- Arcostes Germonik, of the Book
- Samahtar, of the Mind
- Saiwin Aiwe, of the Wind
- Luna Lorne, of the Night
- Sardon, of the Lightning
- Fortang Diaclo, of the Forge
- Calixte, of the Muse
- Jareth Larin, of the Labyrinth
- Rashida, of the Moons
- Uriah Morodov, of the Road
- Ajriquexl, the Lightning's Hand
- Tamerlane, the Metal Lady
- Iocus, the Manifest Destiny
Not all mortals freely give their faith; some require a trade, knowing full well what their faith does for those that ask for it. Thus, when the True Gods shaped the Scions, they made the Lucavi, a small caste of demons gifted with Divine power to grant gifts to mortals in exchange for their faith. If someone does not believe of their own free will, the True Gods reasoned, then perhaps something in return will secure their faith.
Unlike the Saints, whose origins are in the mortal races, the Lucavi were crafted by the True Gods, then instructed to acquire followers. True faith is integral to their material cohesion; while the base faith necessary to maintain their existence was originally provided by the True Gods (an awkward inversion of the standard understanding of faith), the Lucavi have since lost this safety net. As such, they are constantly seeking out new followers amongst the mortal races: behind every Faustian deal is the desperation of a being seeking to maintain its own existence.
In the beginning, the Lucavi were not all necessarily evil creatures, but the death of the True Gods combined with their nature of accruing power, they rapidly became "evil" in the classic sense. The discovery that mortals who commanded the worship of those around them could rise to Scionhood showed the Lucavi that they could rival the Saints in terms of raw Divine power at their disposal, and thus they have continued to thrive and prosper, even though no new "true" Lucavi can be made.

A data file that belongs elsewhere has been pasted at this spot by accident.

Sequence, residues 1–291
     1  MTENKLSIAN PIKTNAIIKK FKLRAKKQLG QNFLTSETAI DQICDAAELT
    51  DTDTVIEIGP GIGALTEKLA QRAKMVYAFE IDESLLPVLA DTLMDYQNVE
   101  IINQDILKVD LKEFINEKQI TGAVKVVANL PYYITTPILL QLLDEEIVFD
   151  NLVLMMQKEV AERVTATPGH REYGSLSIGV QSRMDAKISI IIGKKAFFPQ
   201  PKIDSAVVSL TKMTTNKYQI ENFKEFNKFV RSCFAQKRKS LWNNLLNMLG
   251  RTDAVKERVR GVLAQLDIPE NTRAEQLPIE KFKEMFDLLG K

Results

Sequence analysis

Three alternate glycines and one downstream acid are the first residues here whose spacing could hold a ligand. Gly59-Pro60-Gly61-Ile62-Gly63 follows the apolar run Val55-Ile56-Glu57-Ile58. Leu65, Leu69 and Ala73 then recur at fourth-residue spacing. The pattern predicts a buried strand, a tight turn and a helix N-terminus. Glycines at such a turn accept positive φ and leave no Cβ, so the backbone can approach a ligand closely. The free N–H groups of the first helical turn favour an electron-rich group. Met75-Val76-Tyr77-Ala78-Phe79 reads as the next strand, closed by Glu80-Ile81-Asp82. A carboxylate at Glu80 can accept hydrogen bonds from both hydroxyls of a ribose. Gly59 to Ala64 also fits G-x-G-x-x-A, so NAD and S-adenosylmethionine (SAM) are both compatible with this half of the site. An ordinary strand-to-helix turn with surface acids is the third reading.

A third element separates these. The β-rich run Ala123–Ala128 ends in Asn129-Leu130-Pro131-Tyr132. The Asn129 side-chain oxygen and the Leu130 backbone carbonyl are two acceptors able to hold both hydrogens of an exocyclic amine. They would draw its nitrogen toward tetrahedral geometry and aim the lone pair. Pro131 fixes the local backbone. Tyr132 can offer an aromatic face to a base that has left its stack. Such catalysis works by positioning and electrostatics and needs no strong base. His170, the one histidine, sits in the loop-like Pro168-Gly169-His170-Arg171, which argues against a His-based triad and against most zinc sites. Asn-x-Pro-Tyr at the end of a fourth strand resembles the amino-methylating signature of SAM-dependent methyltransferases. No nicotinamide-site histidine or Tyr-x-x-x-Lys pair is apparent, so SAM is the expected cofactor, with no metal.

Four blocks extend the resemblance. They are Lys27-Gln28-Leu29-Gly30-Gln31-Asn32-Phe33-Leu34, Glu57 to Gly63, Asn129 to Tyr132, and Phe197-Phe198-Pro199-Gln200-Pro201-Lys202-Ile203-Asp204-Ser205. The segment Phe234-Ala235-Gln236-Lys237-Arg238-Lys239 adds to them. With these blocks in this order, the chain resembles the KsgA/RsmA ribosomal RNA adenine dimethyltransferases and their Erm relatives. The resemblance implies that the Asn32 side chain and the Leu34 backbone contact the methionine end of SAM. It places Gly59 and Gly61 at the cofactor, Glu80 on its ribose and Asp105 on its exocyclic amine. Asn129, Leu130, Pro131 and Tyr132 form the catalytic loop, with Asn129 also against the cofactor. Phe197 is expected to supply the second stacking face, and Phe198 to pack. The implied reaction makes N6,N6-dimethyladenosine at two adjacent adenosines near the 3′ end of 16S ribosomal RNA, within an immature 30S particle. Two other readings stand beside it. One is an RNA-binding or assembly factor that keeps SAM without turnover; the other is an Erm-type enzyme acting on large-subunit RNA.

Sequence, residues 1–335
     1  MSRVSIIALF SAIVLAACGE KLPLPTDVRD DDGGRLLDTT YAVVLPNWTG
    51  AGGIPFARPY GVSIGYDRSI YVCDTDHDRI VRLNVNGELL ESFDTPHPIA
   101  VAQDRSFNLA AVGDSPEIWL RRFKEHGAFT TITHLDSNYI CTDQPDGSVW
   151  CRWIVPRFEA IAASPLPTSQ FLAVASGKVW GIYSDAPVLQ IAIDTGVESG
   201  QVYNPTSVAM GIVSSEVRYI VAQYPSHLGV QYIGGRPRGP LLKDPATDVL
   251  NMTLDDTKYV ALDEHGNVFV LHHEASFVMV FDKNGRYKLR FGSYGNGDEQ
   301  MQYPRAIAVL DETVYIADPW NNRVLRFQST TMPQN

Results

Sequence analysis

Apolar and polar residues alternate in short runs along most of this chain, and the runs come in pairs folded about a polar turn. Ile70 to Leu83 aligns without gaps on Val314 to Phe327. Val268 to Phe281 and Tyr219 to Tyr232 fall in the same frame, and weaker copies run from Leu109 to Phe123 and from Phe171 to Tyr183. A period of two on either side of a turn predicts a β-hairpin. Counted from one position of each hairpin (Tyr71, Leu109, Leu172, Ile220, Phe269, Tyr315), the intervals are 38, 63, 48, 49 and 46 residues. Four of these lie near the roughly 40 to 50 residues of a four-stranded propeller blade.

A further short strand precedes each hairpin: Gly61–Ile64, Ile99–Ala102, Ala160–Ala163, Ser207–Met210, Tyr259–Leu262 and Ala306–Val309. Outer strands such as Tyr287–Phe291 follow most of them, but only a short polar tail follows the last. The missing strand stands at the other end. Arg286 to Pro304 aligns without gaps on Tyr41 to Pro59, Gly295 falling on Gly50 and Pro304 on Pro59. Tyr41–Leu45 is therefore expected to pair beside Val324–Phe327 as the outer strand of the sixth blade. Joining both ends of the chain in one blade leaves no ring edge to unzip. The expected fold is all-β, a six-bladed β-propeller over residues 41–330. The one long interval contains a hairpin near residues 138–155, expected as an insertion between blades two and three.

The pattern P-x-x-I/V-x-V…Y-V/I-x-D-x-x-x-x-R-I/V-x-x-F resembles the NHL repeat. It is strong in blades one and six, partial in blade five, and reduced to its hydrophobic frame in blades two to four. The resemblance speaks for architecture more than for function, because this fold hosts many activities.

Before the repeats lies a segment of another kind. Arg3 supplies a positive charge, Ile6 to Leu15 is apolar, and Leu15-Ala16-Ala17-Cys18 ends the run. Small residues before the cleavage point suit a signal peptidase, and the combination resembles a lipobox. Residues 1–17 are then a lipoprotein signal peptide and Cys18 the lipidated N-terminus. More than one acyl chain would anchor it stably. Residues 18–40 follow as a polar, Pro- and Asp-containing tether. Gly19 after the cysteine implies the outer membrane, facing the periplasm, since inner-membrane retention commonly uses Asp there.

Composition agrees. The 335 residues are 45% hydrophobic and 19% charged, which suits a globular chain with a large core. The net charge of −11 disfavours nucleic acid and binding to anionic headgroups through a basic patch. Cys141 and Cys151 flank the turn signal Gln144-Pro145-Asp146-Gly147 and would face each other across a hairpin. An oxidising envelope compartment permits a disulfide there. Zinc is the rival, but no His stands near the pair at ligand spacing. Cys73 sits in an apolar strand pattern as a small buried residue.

- Ajora, the Blood Angel
- Zalera, the Char
- Adrammalech, the Wrathful
- Velius, the Warlock
- Teniel, the Beast
- Hashmalum, the Regulator
- Elidibs, the Manipulator
- Kali, the Seductress
- Falriox, the Destroyer
- Crusader, the Judge
- Yothoth, the Horror
- Sko'veyux, the Pain
Divine Beings: The Shards
The channels the Divine itself cut through the chasm to bridge the gulf between the Metaphysic and reality were deep, and though they were torn asunder in the event known as the Fracture, causing the death of the True Gods in the process, not all of the Divine power was lost.
The Scions looked upon the scattered remains of their patrons, and saw the glimmer of Divine power left strewn amongst the ashes; though the power the True Gods tapped into could never be reassembled, a crude facsimile of their existences could perhaps be constructed from their remains. Thus the Scions - Saint and Lucavi alike - set about to breathing life into the ashes, shards, and fragments that remained of their former masters: and so were the Angels and Daemons of the world born.